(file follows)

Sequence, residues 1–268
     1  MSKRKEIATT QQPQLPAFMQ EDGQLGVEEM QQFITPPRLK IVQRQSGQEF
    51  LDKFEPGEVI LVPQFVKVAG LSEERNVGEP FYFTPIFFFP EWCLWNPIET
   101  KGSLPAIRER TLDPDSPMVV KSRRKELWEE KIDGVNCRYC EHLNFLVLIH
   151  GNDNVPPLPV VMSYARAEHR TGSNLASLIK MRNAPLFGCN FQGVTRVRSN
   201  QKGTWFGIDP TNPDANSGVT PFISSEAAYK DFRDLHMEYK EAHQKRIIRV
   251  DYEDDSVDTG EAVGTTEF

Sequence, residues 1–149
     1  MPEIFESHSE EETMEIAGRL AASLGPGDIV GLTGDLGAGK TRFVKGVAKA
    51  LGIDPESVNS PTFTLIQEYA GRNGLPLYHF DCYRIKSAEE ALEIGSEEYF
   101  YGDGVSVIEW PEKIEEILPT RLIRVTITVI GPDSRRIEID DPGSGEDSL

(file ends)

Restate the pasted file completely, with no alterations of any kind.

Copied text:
Sequence, residues 1–268
     1  MSKRKEIATT QQPQLPAFMQ EDGQLGVEEM QQFITPPRLK IVQRQSGQEF
    51  LDKFEPGEVI LVPQFVKVAG LSEERNVGEP FYFTPIFFFP EWCLWNPIET
   101  KGSLPAIRER TLDPDSPMVV KSRRKELWEE KIDGVNCRYC EHLNFLVLIH
   151  GNDNVPPLPV VMSYARAEHR TGSNLASLIK MRNAPLFGCN FQGVTRVRSN
   201  QKGTWFGIDP TNPDANSGVT PFISSEAAYK DFRDLHMEYK EAHQKRIIRV
   251  DYEDDSVDTG EAVGTTEF

Sequence, residues 1–149
     1  MPEIFESHSE EETMEIAGRL AASLGPGDIV GLTGDLGAGK TRFVKGVAKA
    51  LGIDPESVNS PTFTLIQEYA GRNGLPLYHF DCYRIKSAEE ALEIGSEEYF
   101  YGDGVSVIEW PEKIEEILPT RLIRVTITVI GPDSRRIEID DPGSGEDSL